What could a user do if you do not server-side validate? Anything, depending on how you use their data. You could be allowing users to drop entire databases (or worse, leak them), modify anything they like (or worse, read anything they like. Directory traversal flaws are extremely common entrance points for naughty people), and elevate their privileges at will. Do you want to run this risk? Not validating user input is like trusting people and not installing locks on your house.

The main use of Javascript is that it allows you to make things happen in the user's browser without sending messages back and forth to the server. There are a variety of reasons why you might want to do this.

For example, sending a message to the server and getting a reply is a relatively long process: it is almost always a noticable time lag, and can take many seconds. Doing something directly in the browser can be much faster. So if, for example, you want to give the user an "invalid data" message of some sort, it can be much faster if it comes from Javascript.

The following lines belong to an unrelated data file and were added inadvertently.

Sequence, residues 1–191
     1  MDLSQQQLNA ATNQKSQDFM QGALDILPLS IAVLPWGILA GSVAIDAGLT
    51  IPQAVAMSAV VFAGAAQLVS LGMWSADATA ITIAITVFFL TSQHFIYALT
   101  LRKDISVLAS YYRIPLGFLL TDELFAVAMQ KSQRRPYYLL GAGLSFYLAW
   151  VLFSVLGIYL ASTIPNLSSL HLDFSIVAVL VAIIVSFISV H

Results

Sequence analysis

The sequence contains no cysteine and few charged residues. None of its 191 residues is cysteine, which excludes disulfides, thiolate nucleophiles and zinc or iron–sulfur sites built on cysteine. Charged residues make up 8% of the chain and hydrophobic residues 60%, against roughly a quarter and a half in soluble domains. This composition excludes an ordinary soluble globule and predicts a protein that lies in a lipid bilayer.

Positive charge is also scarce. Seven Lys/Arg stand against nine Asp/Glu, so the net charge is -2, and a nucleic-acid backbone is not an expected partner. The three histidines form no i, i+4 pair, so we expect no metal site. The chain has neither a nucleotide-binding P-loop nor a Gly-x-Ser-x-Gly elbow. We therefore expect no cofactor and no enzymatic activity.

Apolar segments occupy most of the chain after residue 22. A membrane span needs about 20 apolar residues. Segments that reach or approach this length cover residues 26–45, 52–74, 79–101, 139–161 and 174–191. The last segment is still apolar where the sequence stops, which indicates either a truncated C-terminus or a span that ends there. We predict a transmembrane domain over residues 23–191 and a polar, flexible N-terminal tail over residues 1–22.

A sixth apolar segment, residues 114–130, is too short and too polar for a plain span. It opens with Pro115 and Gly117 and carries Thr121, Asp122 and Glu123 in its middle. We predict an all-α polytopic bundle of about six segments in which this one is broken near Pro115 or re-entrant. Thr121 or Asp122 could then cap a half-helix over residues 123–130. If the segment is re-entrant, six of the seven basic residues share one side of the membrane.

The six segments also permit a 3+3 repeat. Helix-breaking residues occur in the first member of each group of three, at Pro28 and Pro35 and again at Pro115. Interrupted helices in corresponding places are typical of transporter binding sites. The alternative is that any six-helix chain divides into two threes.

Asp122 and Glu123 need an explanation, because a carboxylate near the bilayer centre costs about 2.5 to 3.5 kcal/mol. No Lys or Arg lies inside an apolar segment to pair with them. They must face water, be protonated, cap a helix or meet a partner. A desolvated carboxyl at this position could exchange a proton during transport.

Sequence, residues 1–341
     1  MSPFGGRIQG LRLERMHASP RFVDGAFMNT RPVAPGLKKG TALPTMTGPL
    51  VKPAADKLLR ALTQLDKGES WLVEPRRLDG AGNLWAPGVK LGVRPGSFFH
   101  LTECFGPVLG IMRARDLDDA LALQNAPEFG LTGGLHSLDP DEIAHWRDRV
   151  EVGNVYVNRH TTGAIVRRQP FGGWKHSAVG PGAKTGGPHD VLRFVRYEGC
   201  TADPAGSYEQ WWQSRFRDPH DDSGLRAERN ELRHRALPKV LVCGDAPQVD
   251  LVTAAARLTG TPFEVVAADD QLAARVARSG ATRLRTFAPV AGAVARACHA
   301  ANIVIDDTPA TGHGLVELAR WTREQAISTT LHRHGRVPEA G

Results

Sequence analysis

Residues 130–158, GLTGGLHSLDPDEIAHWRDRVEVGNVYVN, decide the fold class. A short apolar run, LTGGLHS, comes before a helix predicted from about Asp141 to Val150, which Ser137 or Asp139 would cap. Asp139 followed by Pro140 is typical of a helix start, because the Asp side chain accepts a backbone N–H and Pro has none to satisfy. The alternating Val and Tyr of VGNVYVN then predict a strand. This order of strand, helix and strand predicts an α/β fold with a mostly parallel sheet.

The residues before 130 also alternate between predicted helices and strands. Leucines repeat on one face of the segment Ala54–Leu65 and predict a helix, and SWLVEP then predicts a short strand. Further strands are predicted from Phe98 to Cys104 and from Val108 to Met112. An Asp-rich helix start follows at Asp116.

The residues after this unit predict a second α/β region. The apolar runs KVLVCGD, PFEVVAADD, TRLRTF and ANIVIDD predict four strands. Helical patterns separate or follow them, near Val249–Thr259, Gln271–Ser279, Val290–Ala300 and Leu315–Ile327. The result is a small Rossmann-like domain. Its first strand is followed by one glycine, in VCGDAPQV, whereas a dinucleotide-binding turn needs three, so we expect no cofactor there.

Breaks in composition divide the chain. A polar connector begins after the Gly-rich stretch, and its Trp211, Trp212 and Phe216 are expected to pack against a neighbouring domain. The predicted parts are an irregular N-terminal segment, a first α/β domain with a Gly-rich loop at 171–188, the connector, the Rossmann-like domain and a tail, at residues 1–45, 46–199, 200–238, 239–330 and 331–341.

In the same vein, with Javascript you can validate field-by-field rather than waiting until the user has completely filled out the screen and clicked a submit button. For example, suppose you present the user with a screen where he's supposed to enter transaction dates and monetary amounts. The user enters a whole screen full of these -- maybe 20 or 30 transactions -- and then clicks submit. If the user attempts to type dates in a format that you don't recognize, say typing day/month/year when you expected year-month-day, then with Javascript you could give him an error on the first unrecognizable date. With a round trip to the server, he'd have typed in a whole screen-full of invalid dates before you tell him he's doing it wrong.